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If $A$ is an $n$-by-$n$ matrix with complex entries, (i.e., $A\in M_n(\mathbb{C})$,) $A$ must have $n$ eigenvalues, counting algebraic multiples. But it is not always true that $A$ has $n$ linearly independent eigenvectors. So, what necessary and sufficient condition may be add, to ensure that $A$ has $n$ linearly independent eigenvectors?

Of course, the simpler the better.


I have another related question:

I can't figure out why, intuitively, that algebraic multiple doesn't mean more than one linearly independent eigenvectors. I mean in my tuition, a multiple appear because there is a subspace with dimension>1 being scaled "evenly" in every direction. If the multiple is 2, how come I may fail to find 2 linearly independent vectors in this subspace?

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  • $\begingroup$ The necessary and sufficient condition is that $\mathbf{A}$ commutes with $\mathbf{A}^{\dagger}$. $\endgroup$ – chaohuang Sep 10 '12 at 4:44
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Iff $\,A\,$ is diagonalizable iff the minimal polynomial of A is a product of different linear factors...

There you have two (equivalent, of course) conditions

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  • $\begingroup$ Thank, you. You're right but these are the answers I know (or can find in textbook.) What I really want to know is that, WHAT exactly, is the intrinsic differences, as linear transformations, between a diagonalizable matrix and a non-diagonalizable matrix. $\endgroup$ – xzhu Sep 10 '12 at 3:20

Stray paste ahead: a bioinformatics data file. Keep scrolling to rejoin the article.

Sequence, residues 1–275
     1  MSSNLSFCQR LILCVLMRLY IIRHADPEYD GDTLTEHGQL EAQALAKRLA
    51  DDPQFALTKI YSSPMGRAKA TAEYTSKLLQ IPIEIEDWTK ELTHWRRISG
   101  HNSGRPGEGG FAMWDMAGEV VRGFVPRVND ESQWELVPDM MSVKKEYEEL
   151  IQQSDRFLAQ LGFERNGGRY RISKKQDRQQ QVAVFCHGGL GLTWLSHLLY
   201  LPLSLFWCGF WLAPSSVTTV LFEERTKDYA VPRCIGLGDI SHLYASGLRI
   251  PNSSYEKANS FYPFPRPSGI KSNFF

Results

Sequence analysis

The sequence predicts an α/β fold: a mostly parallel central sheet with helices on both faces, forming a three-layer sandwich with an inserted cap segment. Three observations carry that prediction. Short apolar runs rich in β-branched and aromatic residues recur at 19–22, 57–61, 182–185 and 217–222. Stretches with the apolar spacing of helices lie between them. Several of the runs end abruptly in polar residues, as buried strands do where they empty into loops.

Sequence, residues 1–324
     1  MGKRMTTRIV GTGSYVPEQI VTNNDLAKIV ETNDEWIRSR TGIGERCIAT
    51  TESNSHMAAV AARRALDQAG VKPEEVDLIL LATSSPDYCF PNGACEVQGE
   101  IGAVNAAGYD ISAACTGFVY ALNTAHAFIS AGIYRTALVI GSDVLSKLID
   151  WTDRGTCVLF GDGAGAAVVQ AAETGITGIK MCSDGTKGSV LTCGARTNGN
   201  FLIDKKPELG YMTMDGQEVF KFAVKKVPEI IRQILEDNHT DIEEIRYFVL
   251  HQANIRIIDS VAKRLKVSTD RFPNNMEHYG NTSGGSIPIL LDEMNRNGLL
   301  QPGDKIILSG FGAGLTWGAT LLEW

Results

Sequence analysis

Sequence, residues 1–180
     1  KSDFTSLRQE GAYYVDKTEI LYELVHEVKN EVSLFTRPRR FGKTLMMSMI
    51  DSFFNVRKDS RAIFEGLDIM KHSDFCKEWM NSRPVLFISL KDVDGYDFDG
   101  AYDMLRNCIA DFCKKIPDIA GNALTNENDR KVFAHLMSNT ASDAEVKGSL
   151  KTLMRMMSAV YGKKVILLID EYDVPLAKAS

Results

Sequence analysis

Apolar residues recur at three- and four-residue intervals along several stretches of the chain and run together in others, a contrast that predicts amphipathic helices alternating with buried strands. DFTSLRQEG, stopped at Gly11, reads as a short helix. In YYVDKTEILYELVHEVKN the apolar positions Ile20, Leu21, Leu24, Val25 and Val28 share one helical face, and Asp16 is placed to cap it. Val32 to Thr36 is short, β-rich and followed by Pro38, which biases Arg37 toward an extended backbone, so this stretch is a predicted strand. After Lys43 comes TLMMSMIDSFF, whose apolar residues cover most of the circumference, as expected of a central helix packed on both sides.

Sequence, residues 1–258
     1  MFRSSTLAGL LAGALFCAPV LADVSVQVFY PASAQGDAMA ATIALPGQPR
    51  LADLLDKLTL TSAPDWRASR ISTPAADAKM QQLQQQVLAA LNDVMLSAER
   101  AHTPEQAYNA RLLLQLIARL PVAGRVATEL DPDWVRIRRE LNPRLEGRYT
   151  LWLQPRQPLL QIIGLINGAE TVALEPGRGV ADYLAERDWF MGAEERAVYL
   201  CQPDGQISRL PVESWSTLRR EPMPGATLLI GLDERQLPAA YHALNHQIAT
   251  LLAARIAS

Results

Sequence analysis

• $\begingroup$ I realize this doesn't best describe what I'm wondering, so I might as well start a new question. $\endgroup$ – xzhu Sep 10 '12 at 3:23
  • $\begingroup$ @Voldemort: the intrinsic difference is the presence of nontrivial Jordan blocks. See en.wikipedia.org/wiki/Jordan_normal_form . Another relevant keyword here is "semisimple module over $\mathbb{C}[x]$" (see en.wikipedia.org/wiki/Semisimple_module). $\endgroup$ – Qiaochu Yuan Sep 10 '12 at 4:24
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For example, gcd$(f(X), f'(X)) = 1$, where $f(X)$ is the minimal polynomial of $A$. gcd$(f(X), f'(X))$ can be calculated by the Euclid's algorithm.

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  • $\begingroup$ This is sufficient but not necessary. $\endgroup$ – Qiaochu Yuan Sep 10 '12 at 3:02
  • $\begingroup$ @QiaochuYuan I edited my answer. $\endgroup$ – Makoto Kato Sep 10 '12 at 3:28
  • $\begingroup$ Please clear the downvotes not for me but for readers who might think this answer is not correct because of them. $\endgroup$ – Makoto Kato Sep 10 '12 at 3:40

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